Vermiculite panels could work, although I've never used them so don't know for sure. Another option people have used quite often is perlite mixed with a little clay slip tamped flat as a pad. Elevating the pad and leaving an air space is particularly good as well.

The heat riser must be insulated as this is where a lot of the gasses are burned up to produce a clean exhaust.
A "5 minute riser" in my opinion is a great way to go. An 8" steel pipe lined with morgan superwool.

Lots of options for metal over the heat riser to cap off the top of your brick work: iron skillets or griddle, cut off steel barrel top, high heat ceramic glass even a manhole cover would work. Although its metal, most of the oxygen has been burned off by then so oxidation and spalling is kept to a minimum.

Your larger 8" chimney will work just fine. No need to replace it. If it was the opposite direction, it would have been a constriction and therefore a problem.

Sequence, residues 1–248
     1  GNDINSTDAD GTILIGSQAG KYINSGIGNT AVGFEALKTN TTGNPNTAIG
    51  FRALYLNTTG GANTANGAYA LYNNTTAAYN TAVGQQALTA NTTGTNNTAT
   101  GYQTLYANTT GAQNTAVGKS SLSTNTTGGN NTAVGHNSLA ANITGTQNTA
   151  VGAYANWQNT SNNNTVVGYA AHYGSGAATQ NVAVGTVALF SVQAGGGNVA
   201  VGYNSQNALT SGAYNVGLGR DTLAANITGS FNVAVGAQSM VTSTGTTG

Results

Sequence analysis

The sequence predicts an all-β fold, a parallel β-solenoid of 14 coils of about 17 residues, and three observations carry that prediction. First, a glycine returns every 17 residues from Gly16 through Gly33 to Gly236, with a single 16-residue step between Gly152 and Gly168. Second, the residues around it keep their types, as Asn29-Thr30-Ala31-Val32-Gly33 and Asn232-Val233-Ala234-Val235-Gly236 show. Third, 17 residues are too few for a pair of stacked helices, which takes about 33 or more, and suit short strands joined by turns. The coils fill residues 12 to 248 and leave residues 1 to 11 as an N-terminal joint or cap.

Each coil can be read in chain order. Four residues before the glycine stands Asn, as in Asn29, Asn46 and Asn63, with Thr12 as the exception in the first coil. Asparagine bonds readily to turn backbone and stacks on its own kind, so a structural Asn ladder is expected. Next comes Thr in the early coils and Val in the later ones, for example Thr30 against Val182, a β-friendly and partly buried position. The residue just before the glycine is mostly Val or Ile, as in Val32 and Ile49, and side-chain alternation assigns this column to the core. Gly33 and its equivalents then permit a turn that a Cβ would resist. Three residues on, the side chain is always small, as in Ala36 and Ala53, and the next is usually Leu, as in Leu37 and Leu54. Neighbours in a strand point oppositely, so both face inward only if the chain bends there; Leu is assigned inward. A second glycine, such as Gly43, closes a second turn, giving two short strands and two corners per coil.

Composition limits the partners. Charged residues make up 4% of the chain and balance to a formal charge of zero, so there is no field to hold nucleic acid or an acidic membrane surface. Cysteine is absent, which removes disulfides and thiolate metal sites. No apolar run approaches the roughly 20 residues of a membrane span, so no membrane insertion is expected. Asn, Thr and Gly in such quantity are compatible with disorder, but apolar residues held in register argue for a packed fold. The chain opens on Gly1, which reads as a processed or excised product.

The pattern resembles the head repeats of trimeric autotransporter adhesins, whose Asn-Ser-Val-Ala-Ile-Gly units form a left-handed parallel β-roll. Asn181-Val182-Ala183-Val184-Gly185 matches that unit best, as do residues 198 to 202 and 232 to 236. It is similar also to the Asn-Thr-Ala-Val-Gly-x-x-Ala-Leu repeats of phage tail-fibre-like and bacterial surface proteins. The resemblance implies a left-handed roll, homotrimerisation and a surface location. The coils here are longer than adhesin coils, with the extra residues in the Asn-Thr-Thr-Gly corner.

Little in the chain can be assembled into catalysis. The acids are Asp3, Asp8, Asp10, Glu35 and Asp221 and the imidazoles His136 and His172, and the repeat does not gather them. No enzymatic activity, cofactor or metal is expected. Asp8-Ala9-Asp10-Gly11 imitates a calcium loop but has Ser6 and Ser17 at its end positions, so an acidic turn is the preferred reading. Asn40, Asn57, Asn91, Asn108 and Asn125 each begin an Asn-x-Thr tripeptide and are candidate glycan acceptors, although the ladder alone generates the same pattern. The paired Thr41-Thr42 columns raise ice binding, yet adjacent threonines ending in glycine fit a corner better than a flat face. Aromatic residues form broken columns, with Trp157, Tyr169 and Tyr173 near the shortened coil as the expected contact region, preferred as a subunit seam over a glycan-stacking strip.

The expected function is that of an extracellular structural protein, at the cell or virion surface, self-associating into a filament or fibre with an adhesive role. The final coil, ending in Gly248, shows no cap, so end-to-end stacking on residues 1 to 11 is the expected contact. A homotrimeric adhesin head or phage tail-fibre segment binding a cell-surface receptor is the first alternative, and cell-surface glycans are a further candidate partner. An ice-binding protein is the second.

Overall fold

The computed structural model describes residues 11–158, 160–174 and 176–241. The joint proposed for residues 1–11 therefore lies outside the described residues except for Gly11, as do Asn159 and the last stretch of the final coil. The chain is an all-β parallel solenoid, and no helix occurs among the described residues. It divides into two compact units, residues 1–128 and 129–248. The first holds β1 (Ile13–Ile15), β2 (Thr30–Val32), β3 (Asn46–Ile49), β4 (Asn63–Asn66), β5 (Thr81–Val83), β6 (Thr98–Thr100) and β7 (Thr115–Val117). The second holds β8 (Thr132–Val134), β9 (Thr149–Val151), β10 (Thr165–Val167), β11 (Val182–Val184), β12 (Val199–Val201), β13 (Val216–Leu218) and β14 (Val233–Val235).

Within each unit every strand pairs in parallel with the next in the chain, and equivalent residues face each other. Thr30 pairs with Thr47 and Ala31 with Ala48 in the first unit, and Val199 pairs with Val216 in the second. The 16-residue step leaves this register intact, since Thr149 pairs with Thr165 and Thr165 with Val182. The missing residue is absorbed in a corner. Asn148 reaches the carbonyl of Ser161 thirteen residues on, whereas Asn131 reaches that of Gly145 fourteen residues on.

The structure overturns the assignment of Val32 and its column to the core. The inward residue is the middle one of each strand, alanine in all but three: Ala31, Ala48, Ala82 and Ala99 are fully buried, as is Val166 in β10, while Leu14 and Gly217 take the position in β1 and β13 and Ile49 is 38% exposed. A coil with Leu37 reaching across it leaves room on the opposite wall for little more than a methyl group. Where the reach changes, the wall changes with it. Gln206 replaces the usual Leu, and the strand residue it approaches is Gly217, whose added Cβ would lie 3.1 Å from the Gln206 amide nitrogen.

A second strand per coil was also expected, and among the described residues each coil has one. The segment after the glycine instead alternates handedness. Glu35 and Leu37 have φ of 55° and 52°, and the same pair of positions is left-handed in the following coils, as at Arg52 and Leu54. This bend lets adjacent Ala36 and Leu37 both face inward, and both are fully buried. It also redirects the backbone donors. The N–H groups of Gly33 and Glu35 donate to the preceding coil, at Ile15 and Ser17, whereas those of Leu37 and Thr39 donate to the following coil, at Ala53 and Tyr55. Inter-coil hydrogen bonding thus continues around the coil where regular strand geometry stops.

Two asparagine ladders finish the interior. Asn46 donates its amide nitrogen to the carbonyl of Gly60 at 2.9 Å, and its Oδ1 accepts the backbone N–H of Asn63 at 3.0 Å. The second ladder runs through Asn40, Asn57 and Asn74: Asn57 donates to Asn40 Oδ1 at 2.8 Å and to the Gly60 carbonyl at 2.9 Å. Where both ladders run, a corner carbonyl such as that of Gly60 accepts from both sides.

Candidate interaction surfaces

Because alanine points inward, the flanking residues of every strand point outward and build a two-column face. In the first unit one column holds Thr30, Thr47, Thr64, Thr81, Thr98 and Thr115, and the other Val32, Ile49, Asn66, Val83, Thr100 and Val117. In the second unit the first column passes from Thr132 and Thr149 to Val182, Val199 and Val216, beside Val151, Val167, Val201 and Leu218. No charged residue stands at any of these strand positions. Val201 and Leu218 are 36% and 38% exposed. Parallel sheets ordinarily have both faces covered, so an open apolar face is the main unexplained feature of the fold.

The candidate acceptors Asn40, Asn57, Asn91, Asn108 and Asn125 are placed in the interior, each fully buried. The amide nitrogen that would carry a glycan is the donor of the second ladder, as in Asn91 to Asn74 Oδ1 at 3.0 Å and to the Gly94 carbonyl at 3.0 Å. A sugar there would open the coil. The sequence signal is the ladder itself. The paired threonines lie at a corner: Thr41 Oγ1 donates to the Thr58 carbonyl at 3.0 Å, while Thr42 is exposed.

Here is a link that will show some examples of the manifold area:
Flue-exhaust-transition-plenum-pictures

 
Bart Leynen
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Gerry Parent wrote:Hi Bart and BIG Welcome to Permies!

So glad to hear your going to start a RMH build in Italy. Lots to learn and wish you well on your adventure.

Due to your warmish climate, you probably want to concentrate on mass vs instant heat, so eliminating the barrel is probably a good idea.

Its always a good idea to have insulation under the core. This helps to keep the heat directed towards the fire burning hot and clean while also not transfering it down into the earth where it will forever suck it away.